Mike Damphousse from damphousse.org interviewed Anneke Seley from Phoneworks and author of the book Sales 2.0, May 2009:
“[…] What do you think smart sales and marketing execs should do to maximize both inbound and outbound activity?
Anneke: In an ideal world, marketing campaigns engage every qualified customer and sales reps just have to respond to incoming inquiries. But not all customers respond to these kinds of “direct response” marketing campaigns. Sometimes a highly-personalized phone and Web contact strategy -often called “Prospecting 2.0” or “Cold Calling 2.0” – yields the best results. As mentioned in my book, salesforce.com discovered this in 2003 when the company started a concerted effort to sell to large companies and traditional demand generation marketing wasn’t reaching target accounts. In innovative, Sales 2.0 companies, sales and marketing execs work together to design and execute different kinds of programs to reach different kinds of audiences. This is part of the Sales 2.0 philosophy to “sell in the way your customer wants to buy” (or engage).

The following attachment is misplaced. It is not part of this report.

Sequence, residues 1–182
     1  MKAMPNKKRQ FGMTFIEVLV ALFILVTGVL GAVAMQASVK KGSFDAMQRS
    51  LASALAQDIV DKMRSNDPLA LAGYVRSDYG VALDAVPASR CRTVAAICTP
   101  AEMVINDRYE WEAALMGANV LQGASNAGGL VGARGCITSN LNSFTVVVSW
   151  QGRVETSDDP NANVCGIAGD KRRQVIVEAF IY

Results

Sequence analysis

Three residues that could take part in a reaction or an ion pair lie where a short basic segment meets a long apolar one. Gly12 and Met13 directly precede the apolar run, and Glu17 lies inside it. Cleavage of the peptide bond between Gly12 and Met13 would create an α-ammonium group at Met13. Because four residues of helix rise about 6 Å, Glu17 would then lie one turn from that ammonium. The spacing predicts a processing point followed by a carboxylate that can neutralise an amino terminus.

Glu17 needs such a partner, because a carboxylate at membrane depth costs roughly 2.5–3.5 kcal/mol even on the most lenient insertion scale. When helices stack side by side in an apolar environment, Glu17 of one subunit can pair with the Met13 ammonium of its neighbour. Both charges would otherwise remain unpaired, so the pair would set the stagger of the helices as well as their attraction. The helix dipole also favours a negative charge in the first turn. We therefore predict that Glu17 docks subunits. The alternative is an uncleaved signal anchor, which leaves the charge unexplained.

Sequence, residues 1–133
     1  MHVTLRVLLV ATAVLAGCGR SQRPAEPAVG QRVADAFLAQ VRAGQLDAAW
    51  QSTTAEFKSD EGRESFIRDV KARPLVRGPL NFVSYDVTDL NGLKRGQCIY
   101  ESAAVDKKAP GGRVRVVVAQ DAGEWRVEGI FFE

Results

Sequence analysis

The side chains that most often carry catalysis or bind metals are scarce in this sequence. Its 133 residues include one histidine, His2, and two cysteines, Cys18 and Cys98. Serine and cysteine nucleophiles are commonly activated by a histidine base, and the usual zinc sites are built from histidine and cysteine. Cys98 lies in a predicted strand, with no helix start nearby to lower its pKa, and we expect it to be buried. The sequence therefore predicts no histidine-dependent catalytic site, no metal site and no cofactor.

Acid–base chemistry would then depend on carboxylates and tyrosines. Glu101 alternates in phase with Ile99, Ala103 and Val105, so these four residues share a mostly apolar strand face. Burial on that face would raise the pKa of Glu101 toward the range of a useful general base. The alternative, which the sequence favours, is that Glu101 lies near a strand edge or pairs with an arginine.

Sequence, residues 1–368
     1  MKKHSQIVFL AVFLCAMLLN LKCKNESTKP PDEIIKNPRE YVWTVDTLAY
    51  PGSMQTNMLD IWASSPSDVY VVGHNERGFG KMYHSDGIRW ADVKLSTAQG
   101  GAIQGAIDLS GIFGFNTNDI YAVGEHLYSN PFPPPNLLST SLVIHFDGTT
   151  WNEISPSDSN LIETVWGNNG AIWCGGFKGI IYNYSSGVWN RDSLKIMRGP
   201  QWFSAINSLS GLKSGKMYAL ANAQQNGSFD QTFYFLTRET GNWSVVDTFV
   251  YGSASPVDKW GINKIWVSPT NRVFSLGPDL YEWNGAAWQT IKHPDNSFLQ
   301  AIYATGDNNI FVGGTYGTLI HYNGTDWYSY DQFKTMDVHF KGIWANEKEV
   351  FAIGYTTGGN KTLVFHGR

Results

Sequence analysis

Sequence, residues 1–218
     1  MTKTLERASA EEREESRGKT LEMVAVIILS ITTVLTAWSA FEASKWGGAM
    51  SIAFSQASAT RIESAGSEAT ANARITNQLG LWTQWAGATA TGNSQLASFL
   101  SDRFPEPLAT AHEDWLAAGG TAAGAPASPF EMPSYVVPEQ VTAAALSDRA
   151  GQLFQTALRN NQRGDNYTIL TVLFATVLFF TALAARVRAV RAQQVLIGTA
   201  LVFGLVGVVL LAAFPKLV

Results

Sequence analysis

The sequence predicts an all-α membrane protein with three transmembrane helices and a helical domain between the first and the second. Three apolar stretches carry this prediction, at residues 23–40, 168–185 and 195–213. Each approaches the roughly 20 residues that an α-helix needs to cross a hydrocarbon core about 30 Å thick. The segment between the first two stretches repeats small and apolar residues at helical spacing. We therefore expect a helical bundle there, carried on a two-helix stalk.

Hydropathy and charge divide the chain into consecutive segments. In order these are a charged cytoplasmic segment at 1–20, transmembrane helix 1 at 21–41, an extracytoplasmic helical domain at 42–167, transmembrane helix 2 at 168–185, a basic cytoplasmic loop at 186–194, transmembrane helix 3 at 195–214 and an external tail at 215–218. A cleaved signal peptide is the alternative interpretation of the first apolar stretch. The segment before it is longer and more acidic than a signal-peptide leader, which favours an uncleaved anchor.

Mike: You just mentioned that the union of selling and marketing is greater every day. What would you tell a marketing exec if they asked why they should be at Sales 2.0?
Anneke: It’s getting harder to discern where marketing ends and sales begins. In Sales 2.0, marketing’s role is no longer limited to filling the pipeline with leads; marketing is now essential in nurturing leads and keeping prospects and customers engaged even after they interact with sales. If you are a marketing exec, spend a day hanging out with us sales “guys” at the Sales 2.0 conference to learn our language and feel our pain! (This reminds me of a male colleague who reads Cosmopolitan magazine to better understand women.) By the way, it must be said that sales and marketing cooperation works best in companies in which sales and marketing execs share performance metrics, supported by incentive compensation, so CEO’s should come too!
Mike: Do you see sales people as Hunters or Gatherers in a 2.0 world?
Anneke: Both. But in Sales 2.0 companies, sales people are usually one or the other (new business reps or reps who look after customer accounts). And we usually refer to Gatherers as “Farmers”. […]”